Former LaFayette boys basketball coach Obadiah Threadgill IV is ready for a new challenge.
Threadgill was announced as the new coach at Pike Road last Thursday. Threadgill takes over the Patriots program after spending the last 10 seasons as the Bulldogs’ head coach.
“It was one of those things that it’s a brand-new opportunity,” Threadgill said. “They’ve only been playing varsity sports for about three years now. As good as LaFayette has been to me and my family — LaFayette has great kids and great athletes and a real strong family base when it comes to athletics — this new place does not have that for basketball yet. It doesn’t have any of those cultures and traditions yet.
“They’re really establishing themselves with this year having only their second graduating class. It was an opportunity to go to a school and establish our own culture and put our own print on a program that’s up and coming.”
LaFayette experienced a tremendous amount of success under Threadgill’s guidance. The Bulldogs won 21 games and reached the state title game in his second season then came back stronger two years later by winning 25 games and capturing the Class 2A state championship in 2015.
The Bulldogs made another deep postseason run in the 2019-20 season by winning 31 games before losing to Barbour County in the state semifinals. Threadgill led a young team this past winter and ended the year with an 8-17 record, his first sub-.500 record with the Bulldogs.
Threadgill explained leaving LaFayette was incredibly difficult given the roots he had established during his time there.
“We have some long-standing relationships with some really, really good people. It was tough. It’s really been like home to my family and me for these last 10 years. Again, anytime you’re thinking about making changes this big, it’s difficult. It’s hard to leave,” Threadgill said. “This time was as good as any as a chance to go ahead and go now. I don’t ever think it’s easy, but this is a part of our profession. Sometimes taking different roles, taking different jobs and going into different communities is just a part of it.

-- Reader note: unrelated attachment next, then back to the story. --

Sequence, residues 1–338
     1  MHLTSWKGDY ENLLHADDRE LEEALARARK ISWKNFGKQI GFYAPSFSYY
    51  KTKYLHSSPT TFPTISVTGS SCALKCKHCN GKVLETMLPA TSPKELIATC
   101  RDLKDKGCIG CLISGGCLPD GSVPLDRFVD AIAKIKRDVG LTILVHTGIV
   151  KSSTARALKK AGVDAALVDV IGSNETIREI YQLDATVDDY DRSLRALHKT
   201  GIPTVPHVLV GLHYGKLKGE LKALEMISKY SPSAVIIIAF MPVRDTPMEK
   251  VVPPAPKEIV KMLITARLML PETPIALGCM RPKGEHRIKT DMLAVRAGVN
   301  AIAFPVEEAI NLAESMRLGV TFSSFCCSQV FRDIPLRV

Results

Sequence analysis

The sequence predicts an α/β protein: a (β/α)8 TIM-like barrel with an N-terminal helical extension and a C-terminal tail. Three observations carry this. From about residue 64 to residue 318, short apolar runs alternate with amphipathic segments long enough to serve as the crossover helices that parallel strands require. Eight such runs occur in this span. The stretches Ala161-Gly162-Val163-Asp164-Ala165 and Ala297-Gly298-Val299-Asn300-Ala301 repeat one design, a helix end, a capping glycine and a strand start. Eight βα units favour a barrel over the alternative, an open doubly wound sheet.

“It’s an uncomfortable part, but sometimes what makes us successful is being comfortable with the unknown — being comfortable being uncomfortable.”
Threadgill posted a 217-89 overall record at LaFayette, according to the Alabama High School Football Historical Society and MaxPreps. Additionally, he was named Opelika-Auburn News Coach of the Year twice, was the co-head coach of the Alabama-Mississippi All-Star Game in 2015 and the co-head coach of the North-South All-Star Game in 2016.
Threadgill’s success was the latest for his family on the basketball court. His father, Obadiah Threadgill III, coached at Notasulga from 1981 to 2002 and captured two state titles with the boys team and one state title with the girls. He was selected to the AHSAA Hall of Fame in 2018.
Threadgill pointed out how Pike Road has quickly risen from a Class 3A school to 5A, and he expects the school could climb to 6A and perhaps even 7A over the next few years. He complimented the growing community around the school as well as the Patriots’ other athletic programs, including a football team that won 11 games in 2020 and a baseball team that reached the state championship series this spring.
“They feel like watching the success at LaFayette that I could come and hire a staff and we can kind of move that needle,” Threadgill said. “We can move this Pike Road basketball program into a direction that the community wants to see, that the administration wants to see. It’s an opportunity of a lifetime.”